Decontamination regulations & environmental compliance analysis

Decontamination : What you need to know

Governing Law and Regulations

EPA requirements:

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Pesticide workers and handlers: 40 CFR 170.150 and 40 CFR 170.250

Polychlorinated biphenyls (PCB): 40 CFR 761.79 and 40 CFR 761.378

Treatment, storage, and disposal facilities (TSDF): 40 CFR 264

OSHA requirements:

Asbestos (installation, use, and removal activities): 29 CFR 1926.1101

Bloodborne pathogens: 29 CFR 1910.1030

Hazardous waste operations and emergency response (HAZWOPER): 29 CFR 1910.120 (general industry) and 29 CFR 1926.65 (construction)

Respiratory protection: 29 CFR 1910.134(h)

General sanitation: 29 CFR 1910.141

Regulatory Agencies

U.S. Environmental Protection Agency (EPA)

U.S. Department of Labor Occupational Safety and Health Administration (OSHA)

See ADDRESSES & CONTACTS for addresses and telephone numbers.


This section covers regulatory requirements of decontamination for hazardous substances and bloodborne pathogens. It does not cover decontamination for biological, radiological, or nuclear agents or substances, nor does it cover decontamination of populations following a disaster or terrorist attack.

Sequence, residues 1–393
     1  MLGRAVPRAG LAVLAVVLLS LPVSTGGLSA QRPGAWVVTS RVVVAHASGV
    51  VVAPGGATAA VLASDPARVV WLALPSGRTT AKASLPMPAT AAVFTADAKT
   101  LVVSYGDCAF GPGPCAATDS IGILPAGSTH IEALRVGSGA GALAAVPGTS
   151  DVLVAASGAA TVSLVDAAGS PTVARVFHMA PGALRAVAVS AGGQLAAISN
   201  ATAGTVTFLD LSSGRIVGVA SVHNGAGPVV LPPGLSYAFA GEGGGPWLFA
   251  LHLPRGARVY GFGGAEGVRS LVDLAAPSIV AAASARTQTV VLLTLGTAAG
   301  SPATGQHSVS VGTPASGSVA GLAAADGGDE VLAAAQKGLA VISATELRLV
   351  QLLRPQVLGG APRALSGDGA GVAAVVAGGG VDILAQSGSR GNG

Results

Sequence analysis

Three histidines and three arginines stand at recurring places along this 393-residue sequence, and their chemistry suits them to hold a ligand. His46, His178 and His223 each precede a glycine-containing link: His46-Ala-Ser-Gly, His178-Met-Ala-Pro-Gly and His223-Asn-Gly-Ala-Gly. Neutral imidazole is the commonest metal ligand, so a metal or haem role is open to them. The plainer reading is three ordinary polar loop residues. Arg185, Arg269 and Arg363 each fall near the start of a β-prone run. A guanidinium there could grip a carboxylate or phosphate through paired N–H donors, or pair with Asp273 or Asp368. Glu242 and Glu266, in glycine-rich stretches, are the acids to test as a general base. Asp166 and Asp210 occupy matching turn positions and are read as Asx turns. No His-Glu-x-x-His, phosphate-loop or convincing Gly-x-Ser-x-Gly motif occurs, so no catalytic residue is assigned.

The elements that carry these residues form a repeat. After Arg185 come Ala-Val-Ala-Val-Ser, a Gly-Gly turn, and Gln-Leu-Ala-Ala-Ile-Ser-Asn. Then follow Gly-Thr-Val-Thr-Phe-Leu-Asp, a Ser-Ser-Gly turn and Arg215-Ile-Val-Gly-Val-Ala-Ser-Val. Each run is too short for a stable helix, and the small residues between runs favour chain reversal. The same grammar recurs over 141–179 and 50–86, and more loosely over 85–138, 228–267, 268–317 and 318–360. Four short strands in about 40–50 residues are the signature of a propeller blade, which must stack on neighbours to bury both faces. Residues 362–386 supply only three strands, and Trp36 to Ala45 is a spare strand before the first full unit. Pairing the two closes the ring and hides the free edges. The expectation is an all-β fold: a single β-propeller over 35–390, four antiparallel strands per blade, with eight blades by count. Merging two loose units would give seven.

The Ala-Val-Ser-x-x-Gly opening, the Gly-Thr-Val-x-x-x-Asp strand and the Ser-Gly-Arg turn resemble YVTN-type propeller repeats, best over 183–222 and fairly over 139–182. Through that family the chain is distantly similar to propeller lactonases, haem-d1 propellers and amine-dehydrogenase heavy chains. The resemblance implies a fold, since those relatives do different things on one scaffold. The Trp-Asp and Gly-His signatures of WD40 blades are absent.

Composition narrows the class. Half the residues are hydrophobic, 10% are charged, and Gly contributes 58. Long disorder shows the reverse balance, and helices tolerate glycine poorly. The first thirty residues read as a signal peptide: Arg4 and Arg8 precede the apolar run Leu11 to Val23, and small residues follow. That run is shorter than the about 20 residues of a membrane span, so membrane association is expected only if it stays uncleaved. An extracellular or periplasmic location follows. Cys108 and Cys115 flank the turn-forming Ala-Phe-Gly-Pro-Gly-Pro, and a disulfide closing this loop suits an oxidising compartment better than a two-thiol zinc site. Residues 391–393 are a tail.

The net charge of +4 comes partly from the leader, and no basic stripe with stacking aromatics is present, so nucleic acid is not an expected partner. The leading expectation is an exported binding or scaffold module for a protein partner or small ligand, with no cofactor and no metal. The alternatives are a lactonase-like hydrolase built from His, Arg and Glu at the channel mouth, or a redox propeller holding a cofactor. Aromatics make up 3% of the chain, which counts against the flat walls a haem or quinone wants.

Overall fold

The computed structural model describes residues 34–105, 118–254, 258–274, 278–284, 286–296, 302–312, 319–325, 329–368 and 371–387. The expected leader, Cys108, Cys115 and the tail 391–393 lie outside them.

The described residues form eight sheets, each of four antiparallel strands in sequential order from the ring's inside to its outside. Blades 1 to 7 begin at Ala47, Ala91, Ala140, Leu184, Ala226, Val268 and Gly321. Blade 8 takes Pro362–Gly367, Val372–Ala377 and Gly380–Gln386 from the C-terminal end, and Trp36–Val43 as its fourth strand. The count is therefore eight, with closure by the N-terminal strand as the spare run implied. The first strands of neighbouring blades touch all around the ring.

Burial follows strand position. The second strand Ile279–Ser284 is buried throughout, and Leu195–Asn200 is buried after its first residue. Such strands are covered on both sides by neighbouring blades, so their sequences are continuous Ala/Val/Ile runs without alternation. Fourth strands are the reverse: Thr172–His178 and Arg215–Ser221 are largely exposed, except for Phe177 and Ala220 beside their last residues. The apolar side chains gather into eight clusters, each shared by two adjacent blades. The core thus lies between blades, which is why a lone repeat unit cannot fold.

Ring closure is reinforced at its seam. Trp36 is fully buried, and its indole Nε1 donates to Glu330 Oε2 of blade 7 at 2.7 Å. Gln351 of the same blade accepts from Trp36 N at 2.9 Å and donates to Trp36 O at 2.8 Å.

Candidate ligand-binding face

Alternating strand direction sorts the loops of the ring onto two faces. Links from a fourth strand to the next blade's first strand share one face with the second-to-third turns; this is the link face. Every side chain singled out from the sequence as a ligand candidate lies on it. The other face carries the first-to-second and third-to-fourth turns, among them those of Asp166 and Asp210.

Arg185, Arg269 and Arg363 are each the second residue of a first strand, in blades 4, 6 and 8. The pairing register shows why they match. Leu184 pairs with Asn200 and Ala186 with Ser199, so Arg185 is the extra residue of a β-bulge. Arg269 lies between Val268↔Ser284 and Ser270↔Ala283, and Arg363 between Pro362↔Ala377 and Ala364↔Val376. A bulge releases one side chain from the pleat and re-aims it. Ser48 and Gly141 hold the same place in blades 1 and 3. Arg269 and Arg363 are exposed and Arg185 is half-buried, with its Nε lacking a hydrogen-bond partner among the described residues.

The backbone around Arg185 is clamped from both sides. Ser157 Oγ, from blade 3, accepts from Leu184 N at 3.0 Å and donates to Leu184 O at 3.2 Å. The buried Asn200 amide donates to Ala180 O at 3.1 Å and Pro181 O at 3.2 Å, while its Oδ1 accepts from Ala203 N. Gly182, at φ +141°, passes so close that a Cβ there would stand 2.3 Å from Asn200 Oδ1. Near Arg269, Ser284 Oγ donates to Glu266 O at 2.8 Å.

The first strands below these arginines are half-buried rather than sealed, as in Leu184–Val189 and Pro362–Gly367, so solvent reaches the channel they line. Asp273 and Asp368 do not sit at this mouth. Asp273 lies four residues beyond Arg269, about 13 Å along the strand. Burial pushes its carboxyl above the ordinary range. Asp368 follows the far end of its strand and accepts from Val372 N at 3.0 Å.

The purpose of the decontamination rules is to:

  • Protect public health and the environment.
  • Protect employees from injury or illness.

"Decontamination" refers to the removal of unwanted material from facilities, soils, people, or equipment by washing, chemical action, mechanical cleansing, or other techniques. It is a process of treatment that renders a surface or object safe to handle, use, or dispose of safely.

EPA and OSHA have adopted decontamination-related regulations for the following substances and related activities, which are described in this section:

  • Asbestos
  • Bloodborne pathogens
  • Emergency response to spills or releases of hazardous substances
  • Hazardous waste handling and disposal

Read more about Decontamination